Stephen Wall

  • The Art of the Novel by Milan Kundera, translated by Linda Asher
    Faber, 165 pp, £9.95, June 1988, ISBN 0 571 14819 0
  • Adult Pleasures: Essays on Writers and Readers by Dan Jacobson
    Deutsch, 144 pp, £12.95, May 1988, ISBN 0 233 98204 3

Novelists on the novel – or, at any rate, good novelists on the novel – often write with a vigour and a commitment to the form that shames more academic approaches. Such practitioners’ confessions, as Milan Kundera calls them, may be more partial but they’re also more impassioned. They know what it is like, and they know what they want. It is Henry James, of course, who exhibits at the highest level the combination of the practising novelist’s experience and the finest critical intelligence, but lesser if still considerable writers, such as E.M. Forster (whose Aspects of the Novel has proved so strangely durable) and Ford Maddox Ford, may have much to offer. Ford’s chatty and opinionated The English Novel from the Earliest Days to the Death of Joseph Conrad (1930) contains many sweeping and unscholarly judgments, but its fundamental conviction that ‘the art of the novel is so difficult a thing that unless a man’s whole energies are given to it he had much better otherwise occupy himself’ is a bracing rebuke to the non-authorial reader for whom the proper realisation of the form is hardly a life-and-death concern. Ford’s division of English fiction into the serious work of the great masters (among whom, I’m glad to note, he includes Trollope) and the literature of mere escape – what he calls ‘nuvvles’ – allows him to make sheep-and-goat distinctions which may seem idiosyncratic but which are certainly tonic.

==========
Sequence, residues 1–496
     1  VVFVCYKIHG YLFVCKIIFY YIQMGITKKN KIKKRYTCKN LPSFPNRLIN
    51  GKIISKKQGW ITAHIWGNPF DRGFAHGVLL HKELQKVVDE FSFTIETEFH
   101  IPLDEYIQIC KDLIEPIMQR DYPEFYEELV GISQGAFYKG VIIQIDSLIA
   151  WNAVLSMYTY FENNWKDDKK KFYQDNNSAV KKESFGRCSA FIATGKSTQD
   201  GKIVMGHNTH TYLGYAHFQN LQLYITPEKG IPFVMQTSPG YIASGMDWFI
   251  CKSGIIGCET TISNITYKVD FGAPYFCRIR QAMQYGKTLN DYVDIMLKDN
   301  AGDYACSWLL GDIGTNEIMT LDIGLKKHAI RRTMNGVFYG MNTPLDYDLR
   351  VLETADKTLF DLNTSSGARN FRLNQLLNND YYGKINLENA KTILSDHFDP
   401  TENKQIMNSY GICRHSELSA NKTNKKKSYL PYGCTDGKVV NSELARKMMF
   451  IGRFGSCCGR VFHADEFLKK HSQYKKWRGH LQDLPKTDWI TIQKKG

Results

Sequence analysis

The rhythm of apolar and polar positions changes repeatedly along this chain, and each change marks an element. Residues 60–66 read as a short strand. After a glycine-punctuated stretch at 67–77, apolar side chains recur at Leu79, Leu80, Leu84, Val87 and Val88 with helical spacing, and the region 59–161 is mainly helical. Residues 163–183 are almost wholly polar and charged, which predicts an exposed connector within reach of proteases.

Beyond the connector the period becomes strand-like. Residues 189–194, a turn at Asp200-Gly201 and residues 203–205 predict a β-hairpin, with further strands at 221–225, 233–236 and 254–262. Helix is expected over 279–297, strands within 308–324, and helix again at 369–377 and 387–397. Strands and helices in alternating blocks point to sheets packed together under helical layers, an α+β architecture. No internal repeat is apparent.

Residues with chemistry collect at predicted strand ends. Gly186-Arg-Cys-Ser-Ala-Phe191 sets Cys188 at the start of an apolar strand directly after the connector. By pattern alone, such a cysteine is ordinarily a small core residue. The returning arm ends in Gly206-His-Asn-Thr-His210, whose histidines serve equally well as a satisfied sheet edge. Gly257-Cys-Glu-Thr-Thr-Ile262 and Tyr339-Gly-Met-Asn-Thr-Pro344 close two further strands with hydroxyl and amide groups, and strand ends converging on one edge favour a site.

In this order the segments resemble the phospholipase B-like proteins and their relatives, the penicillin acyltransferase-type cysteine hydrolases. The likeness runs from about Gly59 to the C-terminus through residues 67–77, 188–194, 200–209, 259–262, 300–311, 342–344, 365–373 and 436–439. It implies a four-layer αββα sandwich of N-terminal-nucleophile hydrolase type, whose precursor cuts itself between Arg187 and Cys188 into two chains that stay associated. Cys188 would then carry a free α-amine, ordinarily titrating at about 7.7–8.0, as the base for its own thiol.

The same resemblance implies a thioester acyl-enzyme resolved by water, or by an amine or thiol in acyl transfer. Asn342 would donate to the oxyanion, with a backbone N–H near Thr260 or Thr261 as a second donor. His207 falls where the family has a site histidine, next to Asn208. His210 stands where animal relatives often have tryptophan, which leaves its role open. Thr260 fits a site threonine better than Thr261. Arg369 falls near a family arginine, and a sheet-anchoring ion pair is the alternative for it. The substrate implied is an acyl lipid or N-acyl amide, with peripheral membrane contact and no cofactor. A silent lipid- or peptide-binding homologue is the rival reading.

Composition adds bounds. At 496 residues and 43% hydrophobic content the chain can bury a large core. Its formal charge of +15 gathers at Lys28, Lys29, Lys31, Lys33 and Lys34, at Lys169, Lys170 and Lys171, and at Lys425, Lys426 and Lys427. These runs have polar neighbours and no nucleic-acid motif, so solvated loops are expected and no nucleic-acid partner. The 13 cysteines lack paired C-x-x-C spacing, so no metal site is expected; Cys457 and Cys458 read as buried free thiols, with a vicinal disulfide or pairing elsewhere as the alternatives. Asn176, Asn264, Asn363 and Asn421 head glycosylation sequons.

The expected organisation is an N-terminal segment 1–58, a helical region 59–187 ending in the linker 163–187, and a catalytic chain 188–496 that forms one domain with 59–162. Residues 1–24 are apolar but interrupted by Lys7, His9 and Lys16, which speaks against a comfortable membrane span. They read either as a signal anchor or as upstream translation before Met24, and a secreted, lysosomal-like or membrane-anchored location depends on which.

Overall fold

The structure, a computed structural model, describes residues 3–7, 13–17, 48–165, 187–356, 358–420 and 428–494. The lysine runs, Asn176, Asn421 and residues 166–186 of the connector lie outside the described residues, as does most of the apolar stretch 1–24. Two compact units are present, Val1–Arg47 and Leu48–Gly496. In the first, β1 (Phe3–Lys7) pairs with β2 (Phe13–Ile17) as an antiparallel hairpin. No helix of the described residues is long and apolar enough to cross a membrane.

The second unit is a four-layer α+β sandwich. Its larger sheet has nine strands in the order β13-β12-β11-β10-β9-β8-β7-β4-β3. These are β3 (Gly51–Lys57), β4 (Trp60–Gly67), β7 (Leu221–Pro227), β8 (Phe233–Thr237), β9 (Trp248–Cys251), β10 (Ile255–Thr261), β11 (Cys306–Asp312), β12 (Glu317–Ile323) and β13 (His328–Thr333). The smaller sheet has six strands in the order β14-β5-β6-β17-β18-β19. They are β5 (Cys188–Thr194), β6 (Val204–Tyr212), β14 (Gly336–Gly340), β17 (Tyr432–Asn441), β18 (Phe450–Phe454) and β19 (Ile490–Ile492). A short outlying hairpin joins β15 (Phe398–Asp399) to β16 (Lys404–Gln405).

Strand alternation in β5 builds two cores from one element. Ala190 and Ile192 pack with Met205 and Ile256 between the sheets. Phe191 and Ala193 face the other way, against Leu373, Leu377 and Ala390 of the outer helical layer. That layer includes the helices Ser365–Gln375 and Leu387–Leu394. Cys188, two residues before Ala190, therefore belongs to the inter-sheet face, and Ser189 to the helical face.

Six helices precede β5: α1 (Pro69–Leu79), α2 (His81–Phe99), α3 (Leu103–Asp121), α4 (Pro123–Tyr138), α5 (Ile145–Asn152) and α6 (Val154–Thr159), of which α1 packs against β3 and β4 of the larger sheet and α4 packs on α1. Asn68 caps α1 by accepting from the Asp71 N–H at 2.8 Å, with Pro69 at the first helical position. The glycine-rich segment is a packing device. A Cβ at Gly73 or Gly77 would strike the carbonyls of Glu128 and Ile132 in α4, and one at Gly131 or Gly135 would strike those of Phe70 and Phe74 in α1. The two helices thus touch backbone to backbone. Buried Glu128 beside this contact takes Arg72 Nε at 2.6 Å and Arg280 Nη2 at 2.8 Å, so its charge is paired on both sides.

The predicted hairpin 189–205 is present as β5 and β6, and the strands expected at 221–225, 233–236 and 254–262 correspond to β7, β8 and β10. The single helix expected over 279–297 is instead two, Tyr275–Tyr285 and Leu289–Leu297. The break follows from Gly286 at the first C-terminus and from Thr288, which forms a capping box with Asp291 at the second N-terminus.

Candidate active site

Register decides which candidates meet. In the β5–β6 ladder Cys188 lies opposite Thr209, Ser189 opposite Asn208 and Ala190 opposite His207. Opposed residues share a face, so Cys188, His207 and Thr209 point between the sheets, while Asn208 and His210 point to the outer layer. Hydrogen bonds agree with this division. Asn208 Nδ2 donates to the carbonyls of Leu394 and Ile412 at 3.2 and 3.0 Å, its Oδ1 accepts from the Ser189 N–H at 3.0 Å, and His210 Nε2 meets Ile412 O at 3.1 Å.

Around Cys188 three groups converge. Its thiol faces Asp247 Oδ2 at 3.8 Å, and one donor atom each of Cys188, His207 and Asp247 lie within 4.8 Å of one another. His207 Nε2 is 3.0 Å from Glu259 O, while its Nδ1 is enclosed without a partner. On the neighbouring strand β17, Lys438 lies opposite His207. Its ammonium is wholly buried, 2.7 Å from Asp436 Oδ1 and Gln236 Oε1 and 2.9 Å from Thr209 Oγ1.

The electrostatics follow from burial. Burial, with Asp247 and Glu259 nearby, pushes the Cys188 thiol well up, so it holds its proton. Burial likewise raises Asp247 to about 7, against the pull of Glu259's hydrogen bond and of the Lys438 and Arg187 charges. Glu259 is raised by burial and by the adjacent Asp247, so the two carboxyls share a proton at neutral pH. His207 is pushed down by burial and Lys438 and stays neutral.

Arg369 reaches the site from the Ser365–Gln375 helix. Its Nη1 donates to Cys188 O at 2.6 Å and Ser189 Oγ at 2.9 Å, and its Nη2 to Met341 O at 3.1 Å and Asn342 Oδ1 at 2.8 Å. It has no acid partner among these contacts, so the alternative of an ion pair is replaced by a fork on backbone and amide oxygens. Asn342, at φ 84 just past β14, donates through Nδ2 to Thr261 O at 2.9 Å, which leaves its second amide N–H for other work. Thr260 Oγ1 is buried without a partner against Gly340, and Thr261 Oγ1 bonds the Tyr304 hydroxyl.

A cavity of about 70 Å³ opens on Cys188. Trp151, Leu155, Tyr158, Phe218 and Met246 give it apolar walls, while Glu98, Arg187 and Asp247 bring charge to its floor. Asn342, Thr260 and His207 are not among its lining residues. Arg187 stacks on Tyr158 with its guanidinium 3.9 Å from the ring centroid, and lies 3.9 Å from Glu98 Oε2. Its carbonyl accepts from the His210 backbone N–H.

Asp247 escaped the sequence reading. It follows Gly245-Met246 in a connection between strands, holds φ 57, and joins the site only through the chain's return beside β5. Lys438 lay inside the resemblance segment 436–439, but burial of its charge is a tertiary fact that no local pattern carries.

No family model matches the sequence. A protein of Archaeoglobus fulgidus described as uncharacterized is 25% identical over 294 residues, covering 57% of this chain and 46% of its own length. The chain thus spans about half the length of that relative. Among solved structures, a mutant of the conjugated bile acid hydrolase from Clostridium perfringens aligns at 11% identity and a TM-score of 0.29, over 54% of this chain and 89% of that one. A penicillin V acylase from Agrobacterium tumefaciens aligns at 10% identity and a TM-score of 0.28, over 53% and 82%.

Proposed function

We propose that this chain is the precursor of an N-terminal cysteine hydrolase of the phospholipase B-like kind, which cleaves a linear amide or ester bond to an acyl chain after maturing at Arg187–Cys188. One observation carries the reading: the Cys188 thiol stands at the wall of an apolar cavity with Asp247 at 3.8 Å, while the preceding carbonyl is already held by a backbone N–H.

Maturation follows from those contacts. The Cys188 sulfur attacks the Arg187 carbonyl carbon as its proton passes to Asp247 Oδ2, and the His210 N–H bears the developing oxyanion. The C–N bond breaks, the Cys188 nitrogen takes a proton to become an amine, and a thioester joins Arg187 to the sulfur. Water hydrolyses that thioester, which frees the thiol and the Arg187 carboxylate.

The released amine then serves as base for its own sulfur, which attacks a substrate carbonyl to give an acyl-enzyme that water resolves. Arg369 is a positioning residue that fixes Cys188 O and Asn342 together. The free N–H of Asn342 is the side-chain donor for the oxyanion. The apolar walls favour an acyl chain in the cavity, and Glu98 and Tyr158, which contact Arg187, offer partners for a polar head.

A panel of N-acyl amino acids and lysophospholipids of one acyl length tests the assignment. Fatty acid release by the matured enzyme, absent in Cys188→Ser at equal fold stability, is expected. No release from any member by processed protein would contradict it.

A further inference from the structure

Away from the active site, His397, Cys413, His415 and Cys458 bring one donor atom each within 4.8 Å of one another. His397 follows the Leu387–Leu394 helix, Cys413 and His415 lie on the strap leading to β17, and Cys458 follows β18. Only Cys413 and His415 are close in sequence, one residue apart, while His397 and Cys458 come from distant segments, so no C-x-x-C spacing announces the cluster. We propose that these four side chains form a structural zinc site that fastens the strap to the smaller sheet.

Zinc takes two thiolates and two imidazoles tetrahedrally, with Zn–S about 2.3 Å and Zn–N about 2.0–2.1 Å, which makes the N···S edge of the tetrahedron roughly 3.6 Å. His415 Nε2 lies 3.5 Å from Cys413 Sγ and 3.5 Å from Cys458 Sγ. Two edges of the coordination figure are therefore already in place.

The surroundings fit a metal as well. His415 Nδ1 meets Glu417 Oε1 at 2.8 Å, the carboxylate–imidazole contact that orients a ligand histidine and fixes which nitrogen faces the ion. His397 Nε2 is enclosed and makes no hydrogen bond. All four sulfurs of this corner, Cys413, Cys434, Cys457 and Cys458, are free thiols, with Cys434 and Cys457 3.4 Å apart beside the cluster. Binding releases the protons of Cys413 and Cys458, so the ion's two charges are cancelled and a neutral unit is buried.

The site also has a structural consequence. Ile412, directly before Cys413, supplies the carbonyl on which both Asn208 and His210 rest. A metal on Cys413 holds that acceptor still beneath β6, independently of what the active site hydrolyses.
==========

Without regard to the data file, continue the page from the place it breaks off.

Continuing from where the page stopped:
Milan Kundera’s The Art of the Novel is not a long book, but it is invigoratingly suggestive enough to remind one of such predecessors, even if his Continental provenance means that he is bound to see things from an un-Anglo-Saxon perspective. Like Ford, however, he regards the novel as essentially an international affair, as the names of the authors to whom he most often refers indicate: Cervantes, Diderot, Sterne, Flaubert, Tolstoy, and particularly, the Central European Pleiad from whom he takes his bearings – Kafka, Musil, Hasek, Broch, Gombrowicz. Kundera’s map of the development of the European novel is outlined with the reckless brevity of a man who knows exactly what and where the salient points are. Cervantes ushers in the adventure of journeying through a world where truth is ambiguous; Richardson internalises the novel’s action; Balzac grounds it in history; Flaubert researches the hitherto unknown territory of the everyday; in Kafka the open horizons of Cervantes and Diderot are replaced by a bureaucratic system as labyrinthine as it is unintelligible. In a professedly academic writer such summary treatments would seem hopelessly slapdash, but in Kundera they make sense because they relate so clearly to the position he find himself in as an artist at the present time. A reader of Kundera’s own books will not be surprised by his love of Tristram Shandy and Jacques le Fataliste. For him, Sterne and Diderot offer still unsurpassed examples of the novel as play, of ‘lightness’ (key Kunderan term) in fiction, which the 19th century’s conversion to verisimilitude has not made obsolete. It is not surprising therefore that Kundera declines to assist at the frequently-announced death of the novel, and will have nothing to do with the idea that it has been dealt a fatal blow by what he refers to as establishment Modernism.

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